The post-Potter world has been full of interesting revelations. This weekend, we got one more—in an interview with Emma Watson, J.K Rowling said that Hermione should have ended up with Harry. The full interview is slated to appear in the February 7th issue of Wonderland, an international magazine spotlighting visual culture. Watson is guest-editing.
To some, this condemnation of Ron/Hermione from an authoritative source is earth-shattering, and to them, I offer my sincerest condolences. Whatever Rowling may say, Ron/Hermione will live on, battered, perhaps, but still possessed of infinitely more legitimacy than was ever to be found in Neville/Draco, Sirius/Lupin, Luna/Neville, or many others among the fleets of wildly popular ships. Rowling’s confession is a blow to the idea of nice guys finishing first. Rowling’s logic, however, is sound—while circumstances may have drawn Ron and Hermione together, personality would surely have driven them apart.
For the young witch, battling bravely against the forces of evil in the Forest of Dean, Harry is the obvious Ron-alternative. He’s geographically compatible, philosophically aligned with the cause, and not prone to running off. But while these are ingredients for the sort of breathless, fugitive passion that warms a drafty tent in the damp, hungry nights of hiding . . . Hermione doesn’t belong with Harry either.
Harry’s a great guy. He’s athletic, kind to others, and a warrior for good. Hermione is literally the first girl he meets. Harry needs her desperately—she’s good in emergencies, adept in a variety of social situations, and has an incredible knack with charmed handbags. But Harry’s need for Hermione is more logistical than emotional. When he yearns, he yearns for Ginny. Hermione is often his last thought, the one he thinks shortly after noticing that he’s out of danger because the defensive spells are working. Harry does not love Hermione in that very special way. She deserves more than the half-hearted passion of a high-school hero who needs her help with concealing charms and first aid.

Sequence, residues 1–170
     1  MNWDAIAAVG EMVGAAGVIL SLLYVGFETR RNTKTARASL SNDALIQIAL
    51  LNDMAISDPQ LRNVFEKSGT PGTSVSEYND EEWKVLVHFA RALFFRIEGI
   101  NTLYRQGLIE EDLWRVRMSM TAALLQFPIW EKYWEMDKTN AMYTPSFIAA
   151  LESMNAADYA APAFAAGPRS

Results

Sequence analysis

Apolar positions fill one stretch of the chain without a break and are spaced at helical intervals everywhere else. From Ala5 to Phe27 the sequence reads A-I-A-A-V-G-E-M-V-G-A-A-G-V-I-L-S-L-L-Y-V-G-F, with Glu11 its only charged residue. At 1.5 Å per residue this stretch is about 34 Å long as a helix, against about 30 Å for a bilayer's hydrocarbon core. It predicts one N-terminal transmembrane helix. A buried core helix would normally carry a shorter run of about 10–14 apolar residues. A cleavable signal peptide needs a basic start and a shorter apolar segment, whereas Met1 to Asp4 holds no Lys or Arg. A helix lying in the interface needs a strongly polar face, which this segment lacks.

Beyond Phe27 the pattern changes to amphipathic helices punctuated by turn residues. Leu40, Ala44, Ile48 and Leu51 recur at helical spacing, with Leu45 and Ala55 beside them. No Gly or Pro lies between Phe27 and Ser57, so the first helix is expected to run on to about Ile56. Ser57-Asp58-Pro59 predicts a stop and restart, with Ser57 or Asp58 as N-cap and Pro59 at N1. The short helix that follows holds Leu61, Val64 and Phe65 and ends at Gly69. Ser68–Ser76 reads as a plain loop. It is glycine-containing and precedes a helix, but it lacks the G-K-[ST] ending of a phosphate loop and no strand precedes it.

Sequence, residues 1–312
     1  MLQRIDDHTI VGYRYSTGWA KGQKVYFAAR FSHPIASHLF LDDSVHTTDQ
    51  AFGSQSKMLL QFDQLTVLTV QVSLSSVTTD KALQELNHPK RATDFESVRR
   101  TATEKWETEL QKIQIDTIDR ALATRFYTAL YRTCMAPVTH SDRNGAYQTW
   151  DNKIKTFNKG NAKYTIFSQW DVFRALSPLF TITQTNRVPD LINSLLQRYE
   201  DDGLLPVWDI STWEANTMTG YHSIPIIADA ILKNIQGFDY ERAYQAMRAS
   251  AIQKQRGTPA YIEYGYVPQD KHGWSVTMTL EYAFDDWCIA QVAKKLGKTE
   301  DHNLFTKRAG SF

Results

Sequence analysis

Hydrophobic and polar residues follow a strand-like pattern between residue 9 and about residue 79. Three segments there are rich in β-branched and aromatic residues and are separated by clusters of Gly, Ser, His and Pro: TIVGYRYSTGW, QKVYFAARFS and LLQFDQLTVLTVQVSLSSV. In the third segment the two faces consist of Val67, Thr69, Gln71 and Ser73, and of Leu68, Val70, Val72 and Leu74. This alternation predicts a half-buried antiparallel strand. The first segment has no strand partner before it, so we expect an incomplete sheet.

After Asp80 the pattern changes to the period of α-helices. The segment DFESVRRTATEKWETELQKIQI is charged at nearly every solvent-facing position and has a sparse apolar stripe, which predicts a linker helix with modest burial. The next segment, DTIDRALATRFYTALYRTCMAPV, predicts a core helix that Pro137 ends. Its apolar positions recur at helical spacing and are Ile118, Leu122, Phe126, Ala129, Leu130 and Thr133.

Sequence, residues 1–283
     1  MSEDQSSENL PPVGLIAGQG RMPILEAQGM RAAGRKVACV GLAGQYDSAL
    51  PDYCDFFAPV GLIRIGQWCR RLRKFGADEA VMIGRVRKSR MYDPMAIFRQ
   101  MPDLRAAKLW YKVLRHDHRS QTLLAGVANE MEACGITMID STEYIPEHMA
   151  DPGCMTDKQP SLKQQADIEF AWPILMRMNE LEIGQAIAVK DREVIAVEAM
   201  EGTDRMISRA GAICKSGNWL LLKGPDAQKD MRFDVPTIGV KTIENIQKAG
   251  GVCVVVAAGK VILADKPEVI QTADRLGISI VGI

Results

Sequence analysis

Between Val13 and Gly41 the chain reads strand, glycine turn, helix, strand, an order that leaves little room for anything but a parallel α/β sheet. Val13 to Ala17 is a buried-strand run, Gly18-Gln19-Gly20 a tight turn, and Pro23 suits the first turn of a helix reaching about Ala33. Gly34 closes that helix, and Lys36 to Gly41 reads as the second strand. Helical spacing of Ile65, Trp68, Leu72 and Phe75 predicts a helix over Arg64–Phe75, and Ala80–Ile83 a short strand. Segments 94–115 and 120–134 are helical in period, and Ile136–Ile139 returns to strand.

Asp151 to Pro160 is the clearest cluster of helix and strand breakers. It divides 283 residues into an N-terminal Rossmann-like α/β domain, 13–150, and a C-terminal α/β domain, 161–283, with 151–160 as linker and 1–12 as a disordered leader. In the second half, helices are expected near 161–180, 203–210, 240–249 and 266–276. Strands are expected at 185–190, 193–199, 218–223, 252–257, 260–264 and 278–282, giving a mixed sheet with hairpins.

There is no universal law that states that an adolescent heroine must be in want of a lover. Jill Pole didn’t hook up with Eustace Scrubb. Katniss Everdeen finds Gale and Peeta an albatross around her neck. Arya Stark needs a man like a fish needs a bicycle. It’s not truly necessary for Hermione to be paired off. But those other stories are not about love. The Harry Potter stories are about the power of love to overcome evil. So while Hermione doesn’t need someone, it does make sense that she would find someone to love deeply. Someone who admires and respects her. Someone who finds her inspiring.
And who would that be?
Neville. He’s a brilliant and talented herbologist who has fought more than his share of evil in dangerous and difficult circumstances. He knows his way around the Sword of Gryffindor. He knows the ins and outs of the wizarding community, and can negotiate with both its Muggle-friendly public face and the dark underbelly of its discrimination against Muggles and Squibs. Neville and Hermione are drawn together by their roles in the war against Voldemort, without the inconvenience of hours of arguments over tactics.
I’m sure Ron and Harry can find someone on the wizarding equivalent of OKCupid.
Ellen Cheeseman-Meyer teaches history and reads a lot.